171218 Obesity 2/2

171218 Obesity 2/2

Obesity poses a serious threat to our health and occurs when the overall amount of calories consumed exceeds the calories expended. Per the accepted definition, obesity is an excessively high proportion of body fat in relation to lean body mass on an individual.

If your child is between two and five years old and they are overweight or worse yet, obese, there is sufficient reason to be taking additional health related to steps to reduce their body fat.

Consult with your pediatrician and work together to stabilize and then reduce the level of body fat in your child. The suggestions may include a healthier diet with an ample selection of fruits, grains, milk, vegetables, and non-sugary fruit drinks along with exercise or physical activity.

You can start by going to the USDA MyPyramid site here at http://teamnutrition.usda.gov/resources/mpk_close.pdf to see for yourself what a healthy diet consists of for your child.

Help your child grow healthy and live a life that is not consumed by potentially avoidable medical problems.

101218 Obesity 1/2

101218 Obesity 1/2

Obesity, as stated earlier, poses a serious threat to our health and occurs when the overall amount of calories consumed exceeds the calories expended.

Obesity, per the accepted definition, is an excessively high proportion of body fat in relation to lean body mass on an individual. Another common indicator of obesity is a mathematical chart comparison of weight with height. These graphs use a standard of acceptable or desirable weight when compared to the height of the person measured.

The body mass index is one of the most frequently used measures to determine a healthy weight. The Centers for Disease Control and Prevention uses a mathematical formula. These calculations divide the person’s weight in pounds by the square of the person’s height in inches. The answer is then multiplied by 703.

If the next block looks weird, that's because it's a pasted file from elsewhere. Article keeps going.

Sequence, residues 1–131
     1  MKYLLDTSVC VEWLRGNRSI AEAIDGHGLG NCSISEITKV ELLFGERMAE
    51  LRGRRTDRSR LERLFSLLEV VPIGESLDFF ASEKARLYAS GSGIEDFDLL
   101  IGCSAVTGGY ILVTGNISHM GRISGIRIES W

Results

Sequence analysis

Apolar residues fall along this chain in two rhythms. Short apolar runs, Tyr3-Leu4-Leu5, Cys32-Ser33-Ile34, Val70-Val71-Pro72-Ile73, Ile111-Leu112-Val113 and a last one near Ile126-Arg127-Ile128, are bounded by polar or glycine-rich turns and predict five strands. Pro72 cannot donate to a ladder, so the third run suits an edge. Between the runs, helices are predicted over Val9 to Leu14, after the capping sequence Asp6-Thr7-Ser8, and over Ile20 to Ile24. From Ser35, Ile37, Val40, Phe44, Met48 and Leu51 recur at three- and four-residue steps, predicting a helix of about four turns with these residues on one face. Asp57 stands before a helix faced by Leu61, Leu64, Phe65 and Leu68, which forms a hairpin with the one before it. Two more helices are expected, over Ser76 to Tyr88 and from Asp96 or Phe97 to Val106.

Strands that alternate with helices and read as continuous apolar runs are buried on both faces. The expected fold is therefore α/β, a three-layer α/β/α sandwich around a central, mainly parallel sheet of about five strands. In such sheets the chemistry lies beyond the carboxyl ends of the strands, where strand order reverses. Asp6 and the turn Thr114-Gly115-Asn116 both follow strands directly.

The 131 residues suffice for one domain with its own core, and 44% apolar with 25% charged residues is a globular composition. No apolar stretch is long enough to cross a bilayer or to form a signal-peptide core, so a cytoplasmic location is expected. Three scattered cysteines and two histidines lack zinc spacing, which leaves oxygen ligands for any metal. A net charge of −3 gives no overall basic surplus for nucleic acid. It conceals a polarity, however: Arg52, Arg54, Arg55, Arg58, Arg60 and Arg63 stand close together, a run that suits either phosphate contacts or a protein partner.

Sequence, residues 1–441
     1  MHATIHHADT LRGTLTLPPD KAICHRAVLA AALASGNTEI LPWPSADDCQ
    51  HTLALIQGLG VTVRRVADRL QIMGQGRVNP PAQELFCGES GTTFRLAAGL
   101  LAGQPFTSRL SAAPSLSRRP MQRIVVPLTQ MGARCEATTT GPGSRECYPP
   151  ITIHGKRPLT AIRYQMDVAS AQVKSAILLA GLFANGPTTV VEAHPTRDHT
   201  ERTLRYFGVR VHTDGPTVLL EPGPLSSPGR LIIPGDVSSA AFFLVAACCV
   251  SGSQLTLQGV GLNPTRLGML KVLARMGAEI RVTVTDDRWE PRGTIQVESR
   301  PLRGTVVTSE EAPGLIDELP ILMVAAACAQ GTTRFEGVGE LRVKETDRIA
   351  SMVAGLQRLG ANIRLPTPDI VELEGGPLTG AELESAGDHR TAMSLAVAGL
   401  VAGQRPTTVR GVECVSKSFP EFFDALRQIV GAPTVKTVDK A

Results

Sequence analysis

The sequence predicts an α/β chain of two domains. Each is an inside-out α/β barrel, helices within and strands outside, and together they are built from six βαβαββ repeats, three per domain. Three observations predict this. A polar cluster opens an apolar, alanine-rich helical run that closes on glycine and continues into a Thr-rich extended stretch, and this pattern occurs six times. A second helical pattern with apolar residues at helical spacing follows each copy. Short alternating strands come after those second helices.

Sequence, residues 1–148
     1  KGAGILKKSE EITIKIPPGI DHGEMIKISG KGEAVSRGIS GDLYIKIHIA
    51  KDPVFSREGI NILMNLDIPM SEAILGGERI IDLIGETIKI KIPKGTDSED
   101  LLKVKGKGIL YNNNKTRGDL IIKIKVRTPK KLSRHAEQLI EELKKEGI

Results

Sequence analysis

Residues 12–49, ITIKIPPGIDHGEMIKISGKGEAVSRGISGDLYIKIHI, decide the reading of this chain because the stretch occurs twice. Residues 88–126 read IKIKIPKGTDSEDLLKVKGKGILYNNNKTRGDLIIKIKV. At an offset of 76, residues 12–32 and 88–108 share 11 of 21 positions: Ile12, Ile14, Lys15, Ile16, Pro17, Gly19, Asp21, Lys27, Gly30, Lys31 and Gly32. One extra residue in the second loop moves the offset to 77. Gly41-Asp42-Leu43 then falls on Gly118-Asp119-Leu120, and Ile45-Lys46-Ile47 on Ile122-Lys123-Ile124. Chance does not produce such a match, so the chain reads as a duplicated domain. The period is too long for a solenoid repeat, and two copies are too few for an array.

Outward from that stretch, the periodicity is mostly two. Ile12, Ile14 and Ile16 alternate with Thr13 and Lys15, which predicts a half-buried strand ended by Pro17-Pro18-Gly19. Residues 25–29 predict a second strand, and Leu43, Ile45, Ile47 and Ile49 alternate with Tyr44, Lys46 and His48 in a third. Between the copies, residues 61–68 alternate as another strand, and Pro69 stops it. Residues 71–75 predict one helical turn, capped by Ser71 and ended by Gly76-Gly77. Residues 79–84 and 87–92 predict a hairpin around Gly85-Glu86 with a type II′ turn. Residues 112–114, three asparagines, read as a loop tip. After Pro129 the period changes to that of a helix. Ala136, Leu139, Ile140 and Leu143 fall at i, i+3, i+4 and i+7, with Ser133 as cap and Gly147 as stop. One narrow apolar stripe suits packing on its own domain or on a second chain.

There are also formulas that use the metric system.

However, this formula does not take into account the lean muscle mass on the person, so if one is heavily muscled the BMI will inaccurate.

When children are born, they have extra fat. This helps them make an easier transition from the womb into the outside world. As they approach five years of age both body fat and body weight are at the lowest points of their lives.

121118 Carbohydrates, triglyceride levels and the size of your waist

121118 Carbohydrates, triglyceride levels and the size of your waist

The modern American consumes approximately fifty percent of their daily calories from carbohydrate sources. These high carb diets signal the liver to create more of the previously mentioned Triglyceride rich particles. If the diet includes more than sixty to sixty five carbohydrates then this process increases.

Diets that are high in sugar, fructose being the main cause of the problem, raise the triglyceride levels and in turn stimulate production of triglyceride particles that are rich in very low-density lipoproteins (VLDL).